The OECD also stood by earlier estimates made in April for gross domestic product growth of about 2 percent this year and 3.2 percent next year, following growth of 1.2 percent in 2001.
The recovery had been marked by both stronger domestic demand and increased exports in the first half of the year.
But the economy faced risks in the form of a slowing increase in the household saving rate and an extension of the expansionary fiscal stance to 2003. Further risks could materialize if the current weakness in demand for telecommunication products persists, the OECD said.
With unemployment at only about 4 percent, the country was facing inflationary pressure due to labor market tensions that could prompt the Riksbank, Sweden's central bank, to raise interest rates, putting the brakes on economic growth.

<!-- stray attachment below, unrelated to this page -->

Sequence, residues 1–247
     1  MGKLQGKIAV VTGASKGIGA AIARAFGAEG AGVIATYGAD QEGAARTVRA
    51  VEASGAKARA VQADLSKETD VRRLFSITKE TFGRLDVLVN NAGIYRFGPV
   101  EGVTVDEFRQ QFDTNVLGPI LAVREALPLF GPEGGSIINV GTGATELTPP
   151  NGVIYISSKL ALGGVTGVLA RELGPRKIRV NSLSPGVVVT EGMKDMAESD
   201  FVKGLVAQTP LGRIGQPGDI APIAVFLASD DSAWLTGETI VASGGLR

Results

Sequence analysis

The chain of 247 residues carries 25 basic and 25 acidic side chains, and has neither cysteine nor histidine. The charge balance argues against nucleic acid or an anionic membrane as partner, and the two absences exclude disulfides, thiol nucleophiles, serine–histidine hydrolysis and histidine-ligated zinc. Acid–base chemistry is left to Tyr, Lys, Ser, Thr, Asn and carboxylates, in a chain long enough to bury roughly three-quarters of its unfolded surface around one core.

As a result, the OECD said it expected the Riksbank to raise interest rates gradually to 5.25 percent by mid-2003 from the current level of 4.25 percent.
"Given the current inflation rates and the potential of growth returning to above potential rates, interest rates will have to rise further," the OECD said.
The OECD said if Sweden joined the euro zone, the country would find it more difficult to counter economic shocks in the absence of an independent monetary policy.
But greater exchange rate stability as a result of joining the zone would significantly reduce one potential source of such shocks.
The Paris-based organization also noted that structural reforms had lost steam and fresh progress was needed to cope with the costs of the country's generous social protection system.
It pointed its finger in particular at some public services where efficiency could be improved, especially in health and education services.